THG has rejected a £2.07bn bid from two investment companies, as a venture capital firm controlled by property tycoon Nick Candy also said it was exploring an offer for the beauty and nutrition online retailer (The FInancial Times £).
Nick Candy, the British property tycoon, revealed last night that he was exploring a potential takeover of THG, only for the embattled ecommerce company to announce minutes later that it had rejected a rival £2.12bn approach from one of its shareholders and board members (The Times £).
The billionaire property mogul, who owns One Hyde Park in Knightsbridge, released a statement after markets closed saying he is ‘considering a possible offer’ to take THG private (The Mail).
Candy, a donor to the Conservative party with a fortune estimated at £1.5bn who is married to former Neighbours actor Holly Vallance, now has until 16 June to make a formal bid or walk away under UK takeover rules (The Guardian).
Shares in THG had earlier closed at 116p, down more than 80% since last September after Matt Moulding’s company failed to reassure City investors over the value of its IT platform Ingenuity (The Telegraph).
Iceland is to launch a new discount for shoppers who are over 60, as soaring prices hit household budgets (BBC News).
A battle is shaping up between major retailers over whether the UK should introduce an online sales tax, with Sainsbury’s demanding it to help revive struggling high streets while M&S argues it would have the opposite effect (The Guardian).
An old phenomenon is about to return as the Co-op introduces “walking deliveries” for customers who live near 200 of its shops (The Times £).
Small shops are pressing Boris Johnson to scrap the last remaining component of his obesity strategy, saying that a ban on sweets and chocolates at the checkout will raise prices for consumers (The Times £).
UK consumer confidence has dropped to its lowest level for nearly 50 years amid the cost of living crisis, according to a survey, fuelling concerns that the economy will slide into recession in 2022 (The Financial Times £).
Confidence, as measured on the monthly barometer by GfK, fell two points to minus 40, the lowest score since records began in 1974 (The Times £).
Stoking fears that Britain is heading for a recession caused by the squeeze on family budgets, the latest monthly snapshot showed consumers are now gloomier about their prospects than they were during the 2008 financial crisis (The Guardian).
Rishi Sunak has been warned by a business leader that he must act now to help people with their bills and stimulate investment instead of waiting for months (The Times £).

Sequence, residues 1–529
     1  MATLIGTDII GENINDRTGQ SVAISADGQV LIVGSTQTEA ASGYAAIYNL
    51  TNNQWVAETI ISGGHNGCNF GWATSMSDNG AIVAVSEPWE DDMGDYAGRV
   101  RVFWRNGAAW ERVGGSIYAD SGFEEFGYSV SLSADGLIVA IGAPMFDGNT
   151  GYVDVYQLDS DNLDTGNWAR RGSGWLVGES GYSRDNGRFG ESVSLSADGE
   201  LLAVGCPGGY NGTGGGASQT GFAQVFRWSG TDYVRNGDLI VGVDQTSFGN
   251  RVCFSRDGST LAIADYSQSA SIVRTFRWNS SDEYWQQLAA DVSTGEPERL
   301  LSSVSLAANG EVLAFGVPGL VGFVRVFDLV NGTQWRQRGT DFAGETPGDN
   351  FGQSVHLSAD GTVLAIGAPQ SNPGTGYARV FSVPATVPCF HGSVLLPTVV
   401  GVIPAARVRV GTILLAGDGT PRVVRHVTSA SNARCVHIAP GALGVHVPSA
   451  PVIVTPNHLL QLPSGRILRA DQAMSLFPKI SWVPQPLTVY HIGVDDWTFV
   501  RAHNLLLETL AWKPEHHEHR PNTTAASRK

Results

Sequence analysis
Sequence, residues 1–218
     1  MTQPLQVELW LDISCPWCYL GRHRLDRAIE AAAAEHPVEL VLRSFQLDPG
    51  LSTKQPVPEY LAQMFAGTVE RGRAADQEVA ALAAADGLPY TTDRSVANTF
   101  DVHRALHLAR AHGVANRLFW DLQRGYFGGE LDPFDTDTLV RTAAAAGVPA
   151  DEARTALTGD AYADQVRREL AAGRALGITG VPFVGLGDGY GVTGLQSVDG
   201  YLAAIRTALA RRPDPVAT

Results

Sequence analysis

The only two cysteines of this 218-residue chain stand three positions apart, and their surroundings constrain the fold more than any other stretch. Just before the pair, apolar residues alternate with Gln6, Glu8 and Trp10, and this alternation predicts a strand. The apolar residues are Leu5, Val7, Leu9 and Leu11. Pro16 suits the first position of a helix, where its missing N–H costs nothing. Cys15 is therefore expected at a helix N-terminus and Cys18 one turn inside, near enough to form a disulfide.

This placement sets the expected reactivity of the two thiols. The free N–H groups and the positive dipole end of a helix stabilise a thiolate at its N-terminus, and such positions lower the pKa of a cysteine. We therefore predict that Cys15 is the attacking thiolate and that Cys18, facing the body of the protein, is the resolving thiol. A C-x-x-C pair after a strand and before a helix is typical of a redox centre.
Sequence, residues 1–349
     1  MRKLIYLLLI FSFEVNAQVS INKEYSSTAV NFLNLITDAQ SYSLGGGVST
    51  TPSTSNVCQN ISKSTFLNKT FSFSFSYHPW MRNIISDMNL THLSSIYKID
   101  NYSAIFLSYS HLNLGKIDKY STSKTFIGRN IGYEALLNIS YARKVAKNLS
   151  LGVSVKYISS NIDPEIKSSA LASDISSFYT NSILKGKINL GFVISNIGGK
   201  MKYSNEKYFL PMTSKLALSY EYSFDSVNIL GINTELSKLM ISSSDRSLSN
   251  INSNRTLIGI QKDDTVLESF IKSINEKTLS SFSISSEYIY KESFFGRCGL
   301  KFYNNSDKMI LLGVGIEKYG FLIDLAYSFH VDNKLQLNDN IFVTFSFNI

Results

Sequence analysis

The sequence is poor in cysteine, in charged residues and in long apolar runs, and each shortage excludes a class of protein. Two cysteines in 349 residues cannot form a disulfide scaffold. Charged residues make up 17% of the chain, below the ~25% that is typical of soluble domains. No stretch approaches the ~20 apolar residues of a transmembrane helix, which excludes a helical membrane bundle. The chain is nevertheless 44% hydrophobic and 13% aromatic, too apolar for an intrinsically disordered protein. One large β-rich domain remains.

A piece by food critic Jay Rayner in The Guardian says that if you want to know why food prices won’t go down any time soon then you should ask a farmer. “The simple solution to food inflation is to grow more of our own produce. Just don’t expect the government to support that.”
Britain could become a world leader in cultured meat production post-Brexit by outflanking the EU to bring the hi-tech products to market swiftly, industry leaders say (The Guardian).
Fevertree Drinks has maintained its full-year outlook amid continued high demand in the US and a rebound in trade at UK hospitality venues (The Mail).
London markets fell sharply in a global sell-off on renewed pessimism about a slowdown in the world economy (The Times £).
McDonald’s has agreed to sell its Russian business to Alexander Govor, a local franchisee who operates 25 of the chain’s restaurants in Siberia (The Financial Times £).
Govor, who operates 25 restaurants in Siberia, has agreed to buy its 850 Russian restaurants and run them under different branding, McDonald’s said on Thursday (The Guardian).
The burger giant is quitting the country after 32 years as a result of Russia’s invasion of Ukraine, which it said had made its continued ownership of the business untenable (The Times £).
Black Sea blockade in Russia-Ukraine war threatens world food supply (The Times £). “The occupation of Ukraine’s south coast is predicted to cut national wheat exports by 35% this year. The consequences are already apparent in the Middle East and north Africa, where famine, mass starvation and revolution could follow.”
The home delivery boom for Royal Mail has receded along with the end of coronavirus restrictions, leaving the business short of the profits it was promising investors earlier this year (The Times £).
Royal Mail has warned that it is likely to raise prices again for stamps and letters, as part of efforts to combat rising costs and offset a post-pandemic slowdown in parcel deliveries (The Guardian).
It is now warning of a sharp decline in the coming months as the cost-of-living crisis hits online shopping and parcel delivery further (The Times £).
Young’s has joined rival pub chains in warning of inflationary pressures, but unlike peers, the firm has insisted it is ‘well placed’ to deal with soaring costs (The Mail).
Patrick Dardis called time on his spell as chief executive of Young’s by delivering strong full-year results and a 17% increase in recent revenues relative to pre-pandemic levels (The Times £).